From Gush Shalom
NAPOLEON CAME to a German town and was not welcomed with the traditional artillery salute.
Furious, he summoned the mayor and demanded an explanation.
The German produced a long scroll of paper and said: "I have a list of 99 reasons. Reason No. 1: we have no cannon."
"That's enough'" Napoleon interrupted him, "You can go home!"
I WAS reminded of this story some two weeks ago, when I read Yitzhak Herzog's 10-point peace plan.
Herzog, the leader of the Labor Party, is an honest and intelligent person. All the bad things written about him when it seemed that he was crawling towards Binyamin Netanyahu's coalition have been refuted by the recent disclosure about the Aqaba peace initiative.
The rulers of Egypt, Jordan and Israel, so it appeared, had met in secret and asked Herzog to make peace possible by joining Netanyahu's coalition. Herzog was hoodwinked by Netanyahu and agreed. He kept silent under the storm of contemptuous reactions. That shows that he is both decent and responsible.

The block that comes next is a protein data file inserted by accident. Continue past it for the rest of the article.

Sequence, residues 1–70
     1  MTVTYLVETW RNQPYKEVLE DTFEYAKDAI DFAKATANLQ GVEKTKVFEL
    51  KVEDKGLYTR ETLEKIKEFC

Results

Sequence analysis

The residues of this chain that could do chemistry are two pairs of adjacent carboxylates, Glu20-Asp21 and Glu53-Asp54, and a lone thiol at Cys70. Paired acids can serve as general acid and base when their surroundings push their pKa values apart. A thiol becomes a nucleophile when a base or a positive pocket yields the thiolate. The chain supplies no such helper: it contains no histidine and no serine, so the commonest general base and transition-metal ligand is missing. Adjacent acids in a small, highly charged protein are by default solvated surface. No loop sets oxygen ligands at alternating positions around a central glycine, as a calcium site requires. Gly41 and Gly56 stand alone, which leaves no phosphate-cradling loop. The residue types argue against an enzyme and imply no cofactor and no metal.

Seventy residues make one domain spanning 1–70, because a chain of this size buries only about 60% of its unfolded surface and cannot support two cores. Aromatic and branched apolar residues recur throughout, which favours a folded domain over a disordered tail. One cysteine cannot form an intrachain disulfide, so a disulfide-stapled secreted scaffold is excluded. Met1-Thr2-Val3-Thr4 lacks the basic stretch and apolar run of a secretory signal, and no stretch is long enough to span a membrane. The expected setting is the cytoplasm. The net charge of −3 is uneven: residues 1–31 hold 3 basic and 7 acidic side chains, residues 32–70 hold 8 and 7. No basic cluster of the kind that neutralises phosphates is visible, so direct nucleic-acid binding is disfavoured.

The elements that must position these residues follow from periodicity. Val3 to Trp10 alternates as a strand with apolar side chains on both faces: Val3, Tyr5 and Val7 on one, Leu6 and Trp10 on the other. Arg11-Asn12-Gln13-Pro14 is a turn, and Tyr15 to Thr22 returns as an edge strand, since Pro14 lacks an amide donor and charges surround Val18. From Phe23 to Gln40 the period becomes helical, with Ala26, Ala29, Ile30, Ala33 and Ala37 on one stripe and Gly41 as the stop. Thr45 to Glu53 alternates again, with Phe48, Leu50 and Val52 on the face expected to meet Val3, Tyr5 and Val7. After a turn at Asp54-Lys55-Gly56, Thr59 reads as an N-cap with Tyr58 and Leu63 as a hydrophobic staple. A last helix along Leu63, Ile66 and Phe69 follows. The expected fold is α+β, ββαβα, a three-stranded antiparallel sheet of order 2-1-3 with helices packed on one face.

No doubt, he could be a good prime minister for Ireland, where his grandfather had been the Chief Rabbi, or even in Switzerland. But not in Israel.
Israel now needs a strong leader, with lots of charisma and a profound understanding of the historic conflict. Not a Herzog.
COMING BACK to Napoleon.
Two weeks ago Herzog proudly published his Peace Plan, consisting of 10 points.
Point No. 1 is an ritual repetition of the two-states principle. It is point No. 2 that is the crux of the matter. It says that the negotiations for peace will start 10 years from now.
That's where Napoleon would have said "That's enough. Go home!"
The idea that peace negotiations can be postponed for 10 years is preposterous. A people under a brutal occupation will not sit still for 10 years. During this time, the plan obliges the Palestinians (Point 6) to act against "terrorism and sedition." No mention of Israeli violence and "sedition."